Jared Kushner, President Trump's son-in-law and senior adviser, made a rare appearance during yesterday's coronavirus briefing. He criticized governors for not having a handle on their supplies of masks and ventilators.

Copyright 2020 NPR. To see more, visit https://www.npr.org.

AILSA CHANG, HOST:

Lauren Chapman/IPB News

On this edition of the podcast the you’ll hear the latest on school closures in Indiana due to the COVID-19 pandemic, Indiana is changing its high school graduation requirements for the class of 2020, Indiana jobless claims surged to 120,000 last week and Chris Nolte has a conversation with Victor Garcia, executive director of the Food Bank of NWI. He will share the latest on emergency support in response to COVID-19 . All of that, and more, on this edition of “Lakeshore Update”…

All IN: The Friday Pitch-IN, April 3, 2020

Apr 3, 2020

This week’s Friday Pitch-In kicks off with a recap of the latest news around the coronavirus pandemic, and how it’s impacting Indiana. State leaders announced this week that schools will remain closed for the rest of the school year. What does that mean for teachers and students in the coming months?

The Ask Me Another Hotline

Apr 3, 2020

Listeners call in to tell us how their behavior has changed since social distancing began.

Heard on Debra Messing & Paul F Tompkins: Show Yourself Some Grace.

Debra Messing: Show Yourself Some Grace

Apr 3, 2020

Actor and activist Debra Messing was already a recognizable performer by the time Will & Grace premiered. She starred as Stacey Colbert in the Fox comedy Ned & Stacey for two seasons and had the lead role in the short-lived ABC drama, Prey.

Love Is A Four-Letter Word

Apr 3, 2020

Stay F. Homekins hosts Paul F. Tompkins and Janie Haddad Tompkins join Jonathan Coulton for a music parody where the word "love" in song titles is replaced with another four-letter word beginning with "L."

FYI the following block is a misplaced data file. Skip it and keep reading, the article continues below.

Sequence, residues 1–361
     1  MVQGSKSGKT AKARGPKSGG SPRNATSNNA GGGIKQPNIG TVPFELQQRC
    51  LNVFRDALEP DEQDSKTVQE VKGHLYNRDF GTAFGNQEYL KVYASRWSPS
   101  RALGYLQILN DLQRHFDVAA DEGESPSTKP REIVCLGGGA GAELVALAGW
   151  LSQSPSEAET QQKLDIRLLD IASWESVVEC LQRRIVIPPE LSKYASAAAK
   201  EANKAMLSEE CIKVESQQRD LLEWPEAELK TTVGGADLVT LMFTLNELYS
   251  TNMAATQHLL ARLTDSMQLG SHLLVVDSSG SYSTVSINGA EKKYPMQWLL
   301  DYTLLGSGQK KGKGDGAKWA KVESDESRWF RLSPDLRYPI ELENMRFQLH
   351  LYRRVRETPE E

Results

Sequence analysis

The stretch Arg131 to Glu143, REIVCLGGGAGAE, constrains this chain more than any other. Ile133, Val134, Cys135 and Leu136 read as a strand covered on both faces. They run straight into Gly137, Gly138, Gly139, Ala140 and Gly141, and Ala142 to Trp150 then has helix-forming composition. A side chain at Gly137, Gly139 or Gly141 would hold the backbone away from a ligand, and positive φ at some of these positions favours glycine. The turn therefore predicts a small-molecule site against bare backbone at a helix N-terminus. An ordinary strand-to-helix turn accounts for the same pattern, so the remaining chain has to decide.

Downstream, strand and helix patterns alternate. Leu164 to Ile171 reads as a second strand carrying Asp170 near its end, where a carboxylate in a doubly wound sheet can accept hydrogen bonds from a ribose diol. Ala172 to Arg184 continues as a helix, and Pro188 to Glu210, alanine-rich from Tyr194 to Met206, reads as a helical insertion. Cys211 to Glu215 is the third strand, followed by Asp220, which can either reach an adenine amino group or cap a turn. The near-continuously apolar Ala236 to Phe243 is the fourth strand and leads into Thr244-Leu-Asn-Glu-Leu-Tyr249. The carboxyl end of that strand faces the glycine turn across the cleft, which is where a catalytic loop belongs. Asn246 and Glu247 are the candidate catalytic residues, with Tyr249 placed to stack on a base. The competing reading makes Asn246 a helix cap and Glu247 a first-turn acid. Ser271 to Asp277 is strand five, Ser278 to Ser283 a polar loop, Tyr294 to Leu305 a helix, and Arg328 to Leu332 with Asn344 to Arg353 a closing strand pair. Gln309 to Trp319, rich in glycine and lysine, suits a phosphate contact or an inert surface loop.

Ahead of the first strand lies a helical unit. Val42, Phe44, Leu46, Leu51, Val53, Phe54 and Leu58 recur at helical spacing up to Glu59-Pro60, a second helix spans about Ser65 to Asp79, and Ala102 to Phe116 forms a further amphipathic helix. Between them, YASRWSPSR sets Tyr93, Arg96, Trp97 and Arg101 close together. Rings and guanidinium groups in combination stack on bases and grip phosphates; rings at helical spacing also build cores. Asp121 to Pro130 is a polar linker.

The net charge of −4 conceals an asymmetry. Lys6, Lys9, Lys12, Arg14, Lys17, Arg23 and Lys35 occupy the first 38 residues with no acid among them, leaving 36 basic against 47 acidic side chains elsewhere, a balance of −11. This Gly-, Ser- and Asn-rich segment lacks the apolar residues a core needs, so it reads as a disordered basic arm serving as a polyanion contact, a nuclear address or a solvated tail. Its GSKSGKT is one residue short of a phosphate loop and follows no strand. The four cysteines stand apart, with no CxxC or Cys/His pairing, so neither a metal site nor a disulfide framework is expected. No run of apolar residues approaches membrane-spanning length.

Heard on Debra Messing & Paul F Tompkins: Show Yourself Some Grace.

Where Gov. Holcomb's Emergency Powers Come From

Apr 3, 2020
Lauren Chapman / IPB News

Hoosiers will remain under a “Stay-At-Home” order for the next couple of weeks after Gov. Eric Holcomb announced Friday he will extend his directive.

Steve Burns / WFIU/WTIU

State leaders from all three branches of government say local criminal justice officials should decide how to handle inmates in county jails during the COVID-19 crisis.

Provided / publicdomainpictures.net

Federal officials are warning Hoosiers to watch out for scams related to COVID-19 – everything from fake charities to bogus stimulus checks.

Samantha Horton / IPB News

Agricultural economists forecast a potentially record high year for corn yields at the same time the coronavirus pandemic is hurting industries that rely on the crop. This in turn could hurt prices and farmers.

wuestenigel / Flickr

Howard County commissioners are pulling back an ordinance they put into effect over the weekend restricting essential businesses from selling non-essential items. This past weekend residents were out of luck if they wanted to purchase games, books, music and other non-essential items locally.

Lauren Chapman / IPB News

The Indiana State Department of Health reported 13 additional deaths Thursday, bringing the state’s total to 78. The state announced a total of more than 3,000 confirmed cases, with more than 16,000 Hoosiers tested.